Polk Audio engineers and designers are hip to the fact that everybody wants the smallest possible speakers. Big displays and small speakers are where it's at, and Polk's RM95 home theater five pack comes with four tiny satellites and a very compact center speaker for $600. You add your choice of subwoofer--Polk's or otherwise--to mix and match yourself up to a full 5.1 system.
It's one thing to design small satellites; making them sound big is something else. Faced with that challenge, the engineers developed a dual-driver design that significantly increases the satellites' dispersion to create a room-filling sound. The three-sided, triangular shape of the satellite speakers is key to meeting the design goal. One side has the usual midrange/woofer and tweeter, the next side has a single midrange/woofer, and the third is finished in a high-gloss paint finish. You set up the speakers with the tweeter/woofer side directly facing the listening position, while the woofer-only side faces the closest wall. The reflected sound increases apparent image size.
The satellites are 7.5 inches by 4.25 inches by 4.25 inches, with the 2.5-inch composite cone midrange/woofers and 0.75-inch silk/polymer dome tweeters. Removeable cloth grilles cover the drivers--one on each side. The sat cabinets are fabricated from molded "composite" material that we suppose is similar to that found on the Definitive Technology ProCinema 600 speakers (DefTech and Polk are sister companies), but the Polks felt less substantial. The individual speakers are available separately as the RM8, so you can get a second set ($250 per pair) if you need to expand to a 7.1 configuration.
The RM95's center channel speaker is a conventional, front-mounted woofer-tweeter-woofer array; it's available separately as the RM8 Center ($150). Viewed from the side, the center carries over the sats' three-sided design. It's 3.25 inches tall by 9.4 inches wide by 3.8 inches deep, one of the smallest we've seen outside of a home-theater-in-a-box system. The RM95 is available in either high-gloss black or white finishes. The look and feel is fine, but it's not going to be confused with a high-end speaker system.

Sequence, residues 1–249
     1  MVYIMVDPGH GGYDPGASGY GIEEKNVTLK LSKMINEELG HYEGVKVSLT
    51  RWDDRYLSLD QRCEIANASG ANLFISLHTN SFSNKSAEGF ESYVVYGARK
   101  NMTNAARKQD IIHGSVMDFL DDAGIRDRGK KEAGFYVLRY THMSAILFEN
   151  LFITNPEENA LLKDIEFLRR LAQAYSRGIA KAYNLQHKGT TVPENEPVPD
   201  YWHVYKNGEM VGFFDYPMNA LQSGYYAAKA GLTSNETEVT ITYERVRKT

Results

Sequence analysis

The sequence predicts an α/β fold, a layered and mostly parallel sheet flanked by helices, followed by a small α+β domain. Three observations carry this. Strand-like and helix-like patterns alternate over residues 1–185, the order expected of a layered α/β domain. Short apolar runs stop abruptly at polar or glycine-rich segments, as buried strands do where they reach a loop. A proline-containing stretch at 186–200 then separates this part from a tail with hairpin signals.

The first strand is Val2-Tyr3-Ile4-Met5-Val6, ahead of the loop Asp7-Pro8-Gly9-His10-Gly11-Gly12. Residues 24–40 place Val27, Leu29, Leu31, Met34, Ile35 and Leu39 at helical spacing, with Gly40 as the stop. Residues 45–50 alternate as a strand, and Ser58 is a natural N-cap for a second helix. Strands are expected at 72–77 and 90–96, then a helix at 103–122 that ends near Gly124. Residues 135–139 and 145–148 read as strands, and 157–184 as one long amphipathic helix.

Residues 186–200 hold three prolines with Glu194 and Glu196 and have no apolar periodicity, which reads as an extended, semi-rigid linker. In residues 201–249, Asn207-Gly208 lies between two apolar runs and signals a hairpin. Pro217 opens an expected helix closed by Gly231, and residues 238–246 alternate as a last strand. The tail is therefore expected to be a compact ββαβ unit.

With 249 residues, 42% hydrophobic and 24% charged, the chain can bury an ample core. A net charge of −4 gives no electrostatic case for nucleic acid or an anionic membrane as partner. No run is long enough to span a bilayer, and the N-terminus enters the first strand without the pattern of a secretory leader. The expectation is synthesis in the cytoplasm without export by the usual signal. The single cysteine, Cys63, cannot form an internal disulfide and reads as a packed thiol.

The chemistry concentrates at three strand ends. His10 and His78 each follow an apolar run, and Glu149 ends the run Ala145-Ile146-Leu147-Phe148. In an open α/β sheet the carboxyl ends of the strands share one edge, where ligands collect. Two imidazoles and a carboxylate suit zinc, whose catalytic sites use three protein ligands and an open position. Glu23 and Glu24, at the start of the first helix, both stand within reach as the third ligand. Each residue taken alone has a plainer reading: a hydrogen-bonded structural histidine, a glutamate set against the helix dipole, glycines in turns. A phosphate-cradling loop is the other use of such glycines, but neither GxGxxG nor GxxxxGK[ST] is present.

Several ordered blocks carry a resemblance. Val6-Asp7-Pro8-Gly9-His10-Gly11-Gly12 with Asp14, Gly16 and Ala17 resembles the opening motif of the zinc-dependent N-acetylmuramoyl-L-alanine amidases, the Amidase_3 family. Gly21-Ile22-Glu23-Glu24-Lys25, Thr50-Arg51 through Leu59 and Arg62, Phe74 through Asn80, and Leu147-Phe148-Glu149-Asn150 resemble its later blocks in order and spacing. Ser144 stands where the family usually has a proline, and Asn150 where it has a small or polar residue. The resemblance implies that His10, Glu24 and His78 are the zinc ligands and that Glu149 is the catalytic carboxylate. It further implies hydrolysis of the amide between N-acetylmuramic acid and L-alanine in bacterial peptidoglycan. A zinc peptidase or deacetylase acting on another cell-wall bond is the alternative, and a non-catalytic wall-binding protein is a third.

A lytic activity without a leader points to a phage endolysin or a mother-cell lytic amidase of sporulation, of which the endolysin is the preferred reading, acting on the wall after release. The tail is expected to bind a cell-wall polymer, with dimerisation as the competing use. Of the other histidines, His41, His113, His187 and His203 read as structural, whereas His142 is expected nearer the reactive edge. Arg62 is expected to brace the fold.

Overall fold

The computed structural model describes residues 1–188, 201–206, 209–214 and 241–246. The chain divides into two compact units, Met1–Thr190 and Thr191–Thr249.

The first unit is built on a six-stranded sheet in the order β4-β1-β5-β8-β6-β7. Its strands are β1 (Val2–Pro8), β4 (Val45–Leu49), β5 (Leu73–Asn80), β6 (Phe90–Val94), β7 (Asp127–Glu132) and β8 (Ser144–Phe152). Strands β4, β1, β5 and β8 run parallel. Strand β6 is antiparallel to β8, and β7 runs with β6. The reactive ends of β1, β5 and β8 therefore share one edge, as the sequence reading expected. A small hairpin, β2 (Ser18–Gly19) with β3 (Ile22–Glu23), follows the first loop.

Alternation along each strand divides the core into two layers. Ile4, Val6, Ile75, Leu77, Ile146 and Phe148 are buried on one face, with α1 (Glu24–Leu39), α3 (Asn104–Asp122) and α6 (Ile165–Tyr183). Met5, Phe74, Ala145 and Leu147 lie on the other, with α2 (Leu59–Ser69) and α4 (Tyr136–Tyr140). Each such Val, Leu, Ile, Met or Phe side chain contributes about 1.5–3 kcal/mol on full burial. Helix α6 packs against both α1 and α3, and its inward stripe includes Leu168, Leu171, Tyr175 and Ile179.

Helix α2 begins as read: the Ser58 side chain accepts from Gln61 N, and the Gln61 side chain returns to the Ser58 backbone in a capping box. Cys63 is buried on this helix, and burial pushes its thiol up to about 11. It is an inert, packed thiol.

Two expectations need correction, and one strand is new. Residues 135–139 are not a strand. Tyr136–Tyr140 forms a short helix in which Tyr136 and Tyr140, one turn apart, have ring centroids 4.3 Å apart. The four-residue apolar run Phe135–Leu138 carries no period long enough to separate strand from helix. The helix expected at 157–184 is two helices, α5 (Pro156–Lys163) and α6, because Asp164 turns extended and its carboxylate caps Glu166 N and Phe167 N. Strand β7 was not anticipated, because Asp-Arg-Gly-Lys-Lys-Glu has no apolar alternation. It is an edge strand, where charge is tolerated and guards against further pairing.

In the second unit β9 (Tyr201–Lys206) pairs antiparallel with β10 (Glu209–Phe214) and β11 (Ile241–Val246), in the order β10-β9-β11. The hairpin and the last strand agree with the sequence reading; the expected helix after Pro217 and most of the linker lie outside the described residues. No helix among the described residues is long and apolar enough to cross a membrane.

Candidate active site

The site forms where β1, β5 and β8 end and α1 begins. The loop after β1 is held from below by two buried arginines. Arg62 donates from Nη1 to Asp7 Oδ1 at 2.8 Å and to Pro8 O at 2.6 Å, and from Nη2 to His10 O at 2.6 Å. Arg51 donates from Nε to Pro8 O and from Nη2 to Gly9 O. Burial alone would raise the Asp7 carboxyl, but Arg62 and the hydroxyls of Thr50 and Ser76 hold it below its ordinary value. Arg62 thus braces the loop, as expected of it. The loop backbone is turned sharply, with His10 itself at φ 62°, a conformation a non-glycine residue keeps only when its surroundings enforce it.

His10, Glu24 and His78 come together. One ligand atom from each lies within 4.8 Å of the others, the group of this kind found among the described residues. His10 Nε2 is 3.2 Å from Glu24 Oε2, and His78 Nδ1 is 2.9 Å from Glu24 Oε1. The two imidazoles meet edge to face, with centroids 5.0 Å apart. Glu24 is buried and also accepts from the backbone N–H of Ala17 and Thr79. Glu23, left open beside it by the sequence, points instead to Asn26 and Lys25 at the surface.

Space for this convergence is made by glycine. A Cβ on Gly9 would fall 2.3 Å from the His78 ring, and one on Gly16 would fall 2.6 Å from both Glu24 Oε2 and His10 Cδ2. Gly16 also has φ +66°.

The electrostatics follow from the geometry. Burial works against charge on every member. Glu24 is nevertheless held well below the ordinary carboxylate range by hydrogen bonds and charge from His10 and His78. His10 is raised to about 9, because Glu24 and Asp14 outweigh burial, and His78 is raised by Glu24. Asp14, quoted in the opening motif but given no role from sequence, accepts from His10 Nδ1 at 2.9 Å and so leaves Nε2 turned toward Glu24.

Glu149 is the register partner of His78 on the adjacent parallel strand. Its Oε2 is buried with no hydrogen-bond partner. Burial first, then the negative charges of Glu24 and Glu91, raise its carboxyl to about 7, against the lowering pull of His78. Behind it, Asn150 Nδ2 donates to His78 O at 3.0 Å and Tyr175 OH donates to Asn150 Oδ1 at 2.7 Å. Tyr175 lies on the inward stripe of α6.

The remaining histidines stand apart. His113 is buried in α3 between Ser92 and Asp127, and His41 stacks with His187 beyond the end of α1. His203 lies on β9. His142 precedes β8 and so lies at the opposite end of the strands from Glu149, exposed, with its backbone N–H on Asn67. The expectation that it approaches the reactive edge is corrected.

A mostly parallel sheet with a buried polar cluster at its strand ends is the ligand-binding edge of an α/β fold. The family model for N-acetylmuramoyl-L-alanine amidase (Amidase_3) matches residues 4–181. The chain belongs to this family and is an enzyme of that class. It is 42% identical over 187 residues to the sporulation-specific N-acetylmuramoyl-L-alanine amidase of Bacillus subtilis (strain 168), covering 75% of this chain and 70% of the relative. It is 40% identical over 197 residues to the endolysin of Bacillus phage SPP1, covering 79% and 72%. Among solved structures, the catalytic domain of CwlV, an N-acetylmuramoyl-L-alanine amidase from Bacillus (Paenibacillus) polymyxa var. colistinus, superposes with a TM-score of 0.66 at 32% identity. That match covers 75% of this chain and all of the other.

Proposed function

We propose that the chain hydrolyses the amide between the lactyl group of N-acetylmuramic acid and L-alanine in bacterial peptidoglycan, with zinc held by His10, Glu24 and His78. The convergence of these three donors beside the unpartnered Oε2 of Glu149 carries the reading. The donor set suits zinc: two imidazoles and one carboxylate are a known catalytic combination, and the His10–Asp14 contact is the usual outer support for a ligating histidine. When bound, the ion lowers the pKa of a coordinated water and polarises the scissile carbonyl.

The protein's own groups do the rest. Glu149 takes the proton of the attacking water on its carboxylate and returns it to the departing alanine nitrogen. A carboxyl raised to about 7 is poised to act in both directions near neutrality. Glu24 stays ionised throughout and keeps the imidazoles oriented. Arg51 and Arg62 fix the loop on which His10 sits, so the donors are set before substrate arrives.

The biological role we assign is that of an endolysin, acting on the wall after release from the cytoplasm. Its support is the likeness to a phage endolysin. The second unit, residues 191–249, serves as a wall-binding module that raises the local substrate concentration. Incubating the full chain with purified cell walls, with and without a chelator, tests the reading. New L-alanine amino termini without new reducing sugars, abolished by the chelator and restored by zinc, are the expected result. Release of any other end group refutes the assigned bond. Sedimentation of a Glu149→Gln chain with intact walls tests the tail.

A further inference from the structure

The satellites can be shelf mounted with the included tripod base or wall mounted with the supplied brackets. Polk offers an extra cost floor stand, the SA3, that attaches to the threaded insert on the bottom of the sats. The center speaker can rest in the supplied cradle/base or wall mount via its threaded insert. We were disappointed to see Polk used spring-clip connectors on all of the RM95 speakers; we would have preferred more secure banana jacks or binding posts.
The RM95 speakers are all too small to produce bass on their own so we used them with a Polk DSW PRO 400 sub for all of our listening tests. Achieving a smooth blend between the sats and sub took some doing, and we eventually settled on using a 120Hz crossover on our Denon receiver's bass management/speaker setup menus. Still, the blend was less than perfect, so we were occasionally aware that all of the bass was coming from the DSW PRO 400. And when that happens, the RM95 sats sounded like the small speakers they are.